Pink Floyd – Darkest Moon (Siréne-007)

Darkest Moon (Siréne-007)

Festival Hall, Osaka, Japan – March 8th, 1972

Disc 1 (52:37):  Speak To Me, Breathe, On The Run, Time, Breathe (reprise), The Great Gig In The Sky, Money, Us & Them, Any Colour You Like, Brain Damage, Eclipse

Disc 2 (73:43):  One Of These Days, Careful With That Axe Eugene, Echoes, Atom Heart Mother

It is interesting to note how often Pink Floyd toured during the first couple of years in the 1970’s.  They had just finished a tour of the US at the end of November 1971, spend a month or so working on Dark Side Of the Moon, then returned to a heavy touring schedule at the end of January. 

Throughout 1972 they did two tours of the UK, two of the United States, one of Europe and a tour of Japan and Australia plus filming commitments for their movie Pink Floyd at Pompei.  All this activity and the only new release from them in this time is the soundtrack Obscured By Clouds.

The March 8th, 1972 is the second of six shows in Japan that year and has been released many times before.  The first appearance was on the LP Pink Floyd (KP339-KP344).  Silver cd releases include Osaka 1972 on Lizard (WLZCD 025/026).  This release used the first tape source that is good but very thin sounding.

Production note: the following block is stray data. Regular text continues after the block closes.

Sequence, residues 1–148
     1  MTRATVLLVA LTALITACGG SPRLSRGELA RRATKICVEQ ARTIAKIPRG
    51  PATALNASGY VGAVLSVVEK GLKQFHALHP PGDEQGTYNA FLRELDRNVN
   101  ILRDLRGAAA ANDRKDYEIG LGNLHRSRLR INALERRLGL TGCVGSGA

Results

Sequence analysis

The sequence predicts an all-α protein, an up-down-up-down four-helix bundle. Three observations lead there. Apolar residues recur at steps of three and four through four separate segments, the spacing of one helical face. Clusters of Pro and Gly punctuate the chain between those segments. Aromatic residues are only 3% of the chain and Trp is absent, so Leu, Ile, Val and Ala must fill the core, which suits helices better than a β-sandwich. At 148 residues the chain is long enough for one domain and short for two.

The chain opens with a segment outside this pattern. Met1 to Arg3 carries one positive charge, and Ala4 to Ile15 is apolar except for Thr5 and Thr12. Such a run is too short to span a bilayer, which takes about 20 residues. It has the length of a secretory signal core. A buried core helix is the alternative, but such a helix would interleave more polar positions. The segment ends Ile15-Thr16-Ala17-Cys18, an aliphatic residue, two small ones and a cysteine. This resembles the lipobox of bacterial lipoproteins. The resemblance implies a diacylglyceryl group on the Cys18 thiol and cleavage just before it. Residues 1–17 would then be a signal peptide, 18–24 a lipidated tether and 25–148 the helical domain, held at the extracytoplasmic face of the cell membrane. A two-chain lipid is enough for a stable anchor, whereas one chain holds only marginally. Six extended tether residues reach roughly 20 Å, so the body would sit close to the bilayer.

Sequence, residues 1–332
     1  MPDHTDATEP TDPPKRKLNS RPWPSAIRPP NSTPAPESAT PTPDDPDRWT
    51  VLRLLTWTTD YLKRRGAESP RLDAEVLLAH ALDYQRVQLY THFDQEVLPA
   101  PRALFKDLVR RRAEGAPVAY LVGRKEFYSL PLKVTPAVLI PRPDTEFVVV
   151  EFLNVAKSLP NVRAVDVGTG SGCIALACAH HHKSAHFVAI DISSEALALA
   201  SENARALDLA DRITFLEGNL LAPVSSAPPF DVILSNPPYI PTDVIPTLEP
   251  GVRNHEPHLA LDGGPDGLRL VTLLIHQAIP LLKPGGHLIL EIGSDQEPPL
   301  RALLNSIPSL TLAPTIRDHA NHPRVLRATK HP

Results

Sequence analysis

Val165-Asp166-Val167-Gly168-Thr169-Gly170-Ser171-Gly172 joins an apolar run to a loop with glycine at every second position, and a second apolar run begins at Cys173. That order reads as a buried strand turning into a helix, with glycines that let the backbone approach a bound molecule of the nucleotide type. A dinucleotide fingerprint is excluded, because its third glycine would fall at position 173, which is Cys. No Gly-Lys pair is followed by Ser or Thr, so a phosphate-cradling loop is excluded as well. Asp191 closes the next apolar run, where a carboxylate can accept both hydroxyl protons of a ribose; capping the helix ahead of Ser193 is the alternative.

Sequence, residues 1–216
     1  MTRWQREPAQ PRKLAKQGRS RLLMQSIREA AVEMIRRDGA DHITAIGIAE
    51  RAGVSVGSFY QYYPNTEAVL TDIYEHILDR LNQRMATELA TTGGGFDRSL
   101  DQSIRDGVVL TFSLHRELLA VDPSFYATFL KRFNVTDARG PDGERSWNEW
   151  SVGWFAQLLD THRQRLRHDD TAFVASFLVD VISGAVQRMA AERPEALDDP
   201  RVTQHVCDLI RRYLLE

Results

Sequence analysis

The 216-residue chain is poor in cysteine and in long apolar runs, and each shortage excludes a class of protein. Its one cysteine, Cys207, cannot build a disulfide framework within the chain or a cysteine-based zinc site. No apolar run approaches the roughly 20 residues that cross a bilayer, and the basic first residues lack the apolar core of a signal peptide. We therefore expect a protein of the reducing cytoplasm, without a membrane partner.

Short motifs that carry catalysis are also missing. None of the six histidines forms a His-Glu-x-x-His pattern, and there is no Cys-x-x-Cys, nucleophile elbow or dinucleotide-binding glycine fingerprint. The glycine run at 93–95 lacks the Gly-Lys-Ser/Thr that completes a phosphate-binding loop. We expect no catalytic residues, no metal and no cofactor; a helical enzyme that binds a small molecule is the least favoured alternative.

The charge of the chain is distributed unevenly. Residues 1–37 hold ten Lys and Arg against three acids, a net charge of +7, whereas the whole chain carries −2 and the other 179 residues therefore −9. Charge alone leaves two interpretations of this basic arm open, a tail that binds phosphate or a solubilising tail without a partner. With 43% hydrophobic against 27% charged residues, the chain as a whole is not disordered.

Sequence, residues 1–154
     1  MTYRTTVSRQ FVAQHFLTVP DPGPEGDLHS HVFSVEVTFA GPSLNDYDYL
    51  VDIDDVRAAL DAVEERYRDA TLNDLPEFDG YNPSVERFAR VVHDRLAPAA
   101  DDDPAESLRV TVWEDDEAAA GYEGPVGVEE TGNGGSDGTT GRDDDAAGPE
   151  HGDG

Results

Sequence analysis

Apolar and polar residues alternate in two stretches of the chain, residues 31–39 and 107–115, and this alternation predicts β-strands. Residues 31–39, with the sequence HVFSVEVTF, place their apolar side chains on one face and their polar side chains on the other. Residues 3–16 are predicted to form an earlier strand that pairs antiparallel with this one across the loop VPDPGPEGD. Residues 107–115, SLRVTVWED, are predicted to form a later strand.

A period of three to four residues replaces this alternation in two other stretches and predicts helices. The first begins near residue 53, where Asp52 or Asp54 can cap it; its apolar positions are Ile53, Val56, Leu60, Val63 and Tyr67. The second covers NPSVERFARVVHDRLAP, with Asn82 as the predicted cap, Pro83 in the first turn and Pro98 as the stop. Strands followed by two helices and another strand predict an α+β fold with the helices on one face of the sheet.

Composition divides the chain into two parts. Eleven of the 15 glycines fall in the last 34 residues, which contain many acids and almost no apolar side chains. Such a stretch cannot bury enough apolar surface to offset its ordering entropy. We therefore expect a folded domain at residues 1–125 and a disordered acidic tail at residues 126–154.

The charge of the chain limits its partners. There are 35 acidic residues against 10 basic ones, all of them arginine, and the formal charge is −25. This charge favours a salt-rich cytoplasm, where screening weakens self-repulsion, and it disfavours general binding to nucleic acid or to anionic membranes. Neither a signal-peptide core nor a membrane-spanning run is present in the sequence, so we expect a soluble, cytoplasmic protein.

Sirene’s Darkest Moon uses the newly found very good sounding second tape source for a majority of this release.  This source is more bass heavy and contains slight distortion as is the norm for such tapes.  It’s most noticable in the Dr. Who interlude in “One Of These Days” and the final verse of “Echoes”.  But this source sounds much more dynamic and enjoyable than the first source.  The first tape source is used for about a minute in the middle of “Brain Damage” to fix a gap.

Pink Floyd’s performance itself is very good.  The Dark Side portion of the show is in an early stage of development.  “On The Run” is the Gilmour/Wright jam, and “The Great Gig In The Sky” is really “The Mortality Sequence” complete with the ominous organ, the reading of Ephesians 5, and Malcom Muggeridge. 

 There are no saxophones nor female backup singers to be heard anywhere.  The set begins well with a great version of “Breathe” and an energetic delivery of “Money”.  But there are some weak spots like the lackluster version of “Time”.  The weight of the show rests upon the better known numbers in the second set with two epics, “Echoes” and “Atom Heart Mother” played back-to-back.  This is a nice sounding release by Sirene and is worth having.

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